The students on the outback station each believed they received better contact with teachers. Hugh, the youngest (Year 1) had for the very first time, the opportunity to share important things in his life like drawings of himself, his dog and swimming pool with his teacher Miss Lynn and get immediate feedback. He was able to put letters together to make words and associate and draw pictures with those words given the visual and audio encouragement from his teacher much faster with ShareVision than using telephone lessons and posting in written work. Hugh generally detests school work but would always be ready and willing to participate in ShareVision lessons. His progress was promising in 1995 according to his teacher and his mother who is the home supervisor of all her children's schooling with the OAC. Unfortunately, telecommunications infrastructure problems have restricted the number of successful ShareVision lessons to Hugh in 1996.

Hugh's brother, Charlie in Year 6 had difficulty in some literacy skills, particularly spelling. His teacher was able to view and correct his work much faster by having Charlie take a snapshot of his writing viewing it together and correcting it with him online. Charlie could see the corrections as his teacher made them and talked to her about them. Corrections could be saved and used in helping with the following week's work.

Charlie's twin sister Emma also in Year 6 received fewer ShareVisionŞ lessons than Charlie or Hugh but was able to make some use of ShareVision's interactive whiteboard to help improve her work in fractions.

Medically enrolled students

Both students enrolled with the OAC on medical reasons and using ShareVision have exceeded all our expectations. The student using ShareVision in 1995, although very restricted in movement with a serious physical disability, had enough functional capacity in his hands to use the mouse and make valuable contributions to Maths, and Society and Environment lessons using tools on the whiteboard. It was extremely heartening to know ShareVision was improving the quality of his life. He was extremely well organised, helpful and really looked forward to his weekly lessons with ShareVision. The second medically enrolled student using ShareVision in 1996 is also making full use of its features, preparing answers to work on the whiteboard for his teacher to check and give immediate feedback on. Though diagnosed with ADD his concentration span in using ShareVision is significantly longer than using traditional print and audio technology in learning.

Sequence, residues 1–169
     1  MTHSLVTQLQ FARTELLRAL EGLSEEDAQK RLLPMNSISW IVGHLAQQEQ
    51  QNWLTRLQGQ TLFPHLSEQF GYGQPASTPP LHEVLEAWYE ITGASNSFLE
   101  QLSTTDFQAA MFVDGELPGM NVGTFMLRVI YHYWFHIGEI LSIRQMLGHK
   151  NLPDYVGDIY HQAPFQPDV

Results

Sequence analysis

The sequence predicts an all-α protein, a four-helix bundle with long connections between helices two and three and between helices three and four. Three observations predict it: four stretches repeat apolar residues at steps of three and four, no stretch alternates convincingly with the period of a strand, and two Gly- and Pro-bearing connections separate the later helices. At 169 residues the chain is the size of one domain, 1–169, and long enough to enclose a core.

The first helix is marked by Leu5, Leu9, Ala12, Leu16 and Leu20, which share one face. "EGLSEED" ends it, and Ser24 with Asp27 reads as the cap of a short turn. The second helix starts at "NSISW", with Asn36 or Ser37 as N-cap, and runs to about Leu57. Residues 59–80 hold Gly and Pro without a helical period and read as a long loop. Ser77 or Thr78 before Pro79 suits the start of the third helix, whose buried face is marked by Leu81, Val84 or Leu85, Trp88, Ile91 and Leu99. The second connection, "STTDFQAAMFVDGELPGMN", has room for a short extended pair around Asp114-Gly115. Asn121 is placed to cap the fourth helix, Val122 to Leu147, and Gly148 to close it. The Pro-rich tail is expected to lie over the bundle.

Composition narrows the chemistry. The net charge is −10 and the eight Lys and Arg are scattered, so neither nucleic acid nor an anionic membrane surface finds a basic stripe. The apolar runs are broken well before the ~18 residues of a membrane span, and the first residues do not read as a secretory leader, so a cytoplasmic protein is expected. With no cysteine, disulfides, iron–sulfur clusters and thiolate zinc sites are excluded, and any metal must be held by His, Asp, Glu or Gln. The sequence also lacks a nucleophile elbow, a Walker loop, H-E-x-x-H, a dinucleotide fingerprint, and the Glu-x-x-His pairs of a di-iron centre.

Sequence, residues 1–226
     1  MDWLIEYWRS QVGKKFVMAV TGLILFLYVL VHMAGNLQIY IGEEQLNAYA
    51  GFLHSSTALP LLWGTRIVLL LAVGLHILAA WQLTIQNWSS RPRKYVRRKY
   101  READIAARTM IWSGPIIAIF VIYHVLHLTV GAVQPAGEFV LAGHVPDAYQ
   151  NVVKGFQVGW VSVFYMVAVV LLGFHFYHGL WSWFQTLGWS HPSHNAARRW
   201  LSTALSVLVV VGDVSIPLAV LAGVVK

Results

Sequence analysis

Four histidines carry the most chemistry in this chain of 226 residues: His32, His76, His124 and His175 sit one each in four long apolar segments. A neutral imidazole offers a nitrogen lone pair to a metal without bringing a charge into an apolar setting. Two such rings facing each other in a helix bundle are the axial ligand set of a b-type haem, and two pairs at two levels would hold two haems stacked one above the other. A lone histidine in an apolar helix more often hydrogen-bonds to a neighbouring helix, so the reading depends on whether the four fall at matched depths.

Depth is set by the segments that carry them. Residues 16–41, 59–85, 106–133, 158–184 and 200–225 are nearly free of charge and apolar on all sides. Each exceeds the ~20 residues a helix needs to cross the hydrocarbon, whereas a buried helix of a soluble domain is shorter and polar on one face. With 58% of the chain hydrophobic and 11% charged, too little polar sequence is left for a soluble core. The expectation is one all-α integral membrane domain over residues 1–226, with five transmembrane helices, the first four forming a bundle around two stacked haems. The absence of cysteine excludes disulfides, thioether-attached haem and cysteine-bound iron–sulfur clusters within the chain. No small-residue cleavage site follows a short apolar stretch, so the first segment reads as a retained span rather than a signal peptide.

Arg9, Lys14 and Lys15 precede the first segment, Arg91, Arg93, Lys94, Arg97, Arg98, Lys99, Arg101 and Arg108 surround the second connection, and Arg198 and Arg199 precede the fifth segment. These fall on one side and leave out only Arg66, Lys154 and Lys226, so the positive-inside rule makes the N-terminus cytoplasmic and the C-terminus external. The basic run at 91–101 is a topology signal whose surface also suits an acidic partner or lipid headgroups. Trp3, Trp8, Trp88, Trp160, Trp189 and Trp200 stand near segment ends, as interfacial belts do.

Another outcome of the ShareVision project trials has been the impact the technology has made on the teachers delivering to students with it. Many of the teachers using ShareVision had little or no experience in using computers at the beginning of the project but they are now competent and literate with the technology. This enthusiasm has overflowed to other teachers and to other forms of technology use in the Open Access College.

ShareVision is also enabling a closer contact between parents and teachers. It provides the means for home based supervisors (usually parents) to take a more active role in their child's education.

Teachers' comments include:

The immediate response to student work makes teaching more relevant.

Being able to talk through concepts and check for immediate understanding makes learning more personal and interactive.

Using ShareVision as a tool for modelling work gives me a strategy which more closely emulates face to face teaching.

For the first time I am actually teaching Charlie rather than responding to him.

It's so good to be able to see Menno's face - I can tell whether he understands or not without having to wait until assignments are posted in.

while students have said things like....
It was good and lots of fun. I liked seeing Miss Lynn. We played games. It was good to tell news and draw pictures of what we were talking about and she could see it.